The Threat of Super-Preemption

State legislatures across the country have gone beyond preventing local governments from passing common-sense local solutions. They’ve begun silencing local voices using draconian super-preemption laws.  These laws allow special interest groups to sue local governments and in some cases personally sue local officials for doing their job. These laws are designed to intimidate, bully, and chill government at the local level. This infographic highlights where these laws exist, where they have been recently proposed, and what their impacts could be to cities, counties, local officials, and taxpayers alike.



Mayors Innovation Project Workshop: Protecting Locally Enacted Health, Economic, Environmental, & Civil Rights Gains

Held in December of 2016 and hosted in partnership with State Innovation Exchange, and the Rockefeller Family Fund, this workshop examined case studies & lessons learned in the fight against preemption, research, policy and legal tools, and info on how to broaden the coalition working against preemption.


Model Documentary Screening Run of Show

Documentaries are a great way to begin conversations around issues that are important to local governments, and can be used to highlight the importance of being able to pass local solutions to local problems. This run of show is for the Newtown documentary, but should give a good sense of how to organize an effective screening.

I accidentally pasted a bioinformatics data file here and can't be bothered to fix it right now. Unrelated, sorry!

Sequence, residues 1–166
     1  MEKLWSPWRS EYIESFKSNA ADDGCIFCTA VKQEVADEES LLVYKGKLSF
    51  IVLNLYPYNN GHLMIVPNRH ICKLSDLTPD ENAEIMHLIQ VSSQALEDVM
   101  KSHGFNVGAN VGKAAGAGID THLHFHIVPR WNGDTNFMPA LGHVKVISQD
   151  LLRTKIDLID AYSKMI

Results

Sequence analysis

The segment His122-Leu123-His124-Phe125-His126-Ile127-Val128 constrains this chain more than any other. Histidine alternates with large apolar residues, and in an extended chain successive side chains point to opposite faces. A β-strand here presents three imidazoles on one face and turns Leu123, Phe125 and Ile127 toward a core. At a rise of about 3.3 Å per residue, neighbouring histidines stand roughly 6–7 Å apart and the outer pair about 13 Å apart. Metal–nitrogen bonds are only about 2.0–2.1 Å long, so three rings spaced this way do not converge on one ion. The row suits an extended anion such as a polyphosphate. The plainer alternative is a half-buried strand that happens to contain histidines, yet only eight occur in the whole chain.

Legal Documents

Florida Carry, et al. v. City of Tallahassee, et al.

Below are the Amicus Briefs filed in support of Mayor Andrew Gillum, his Commissioner colleagues and the City of Tallahassee in the super-preemption lawsuit. The Appellate Court ultimately upheld the Trial Court’s Order in this case, ruling the elected officials and City had done no wrong, but avoided ruling on the Constitutional issue. For additional pleadings in this case send a request to

Legal Documents

City of Cleveland v. State of Ohio

These pleadings are from a challenge by the City of Cleveland against the State of Ohio over a bill which preempted local governments from requiring local hiring percentages on contracts.  The City of Cleveland had a long-standing ordinance requiring such, and filed the challenge to declare the State law unconstitutional. The Court ruled in favor of Cleveland and local control.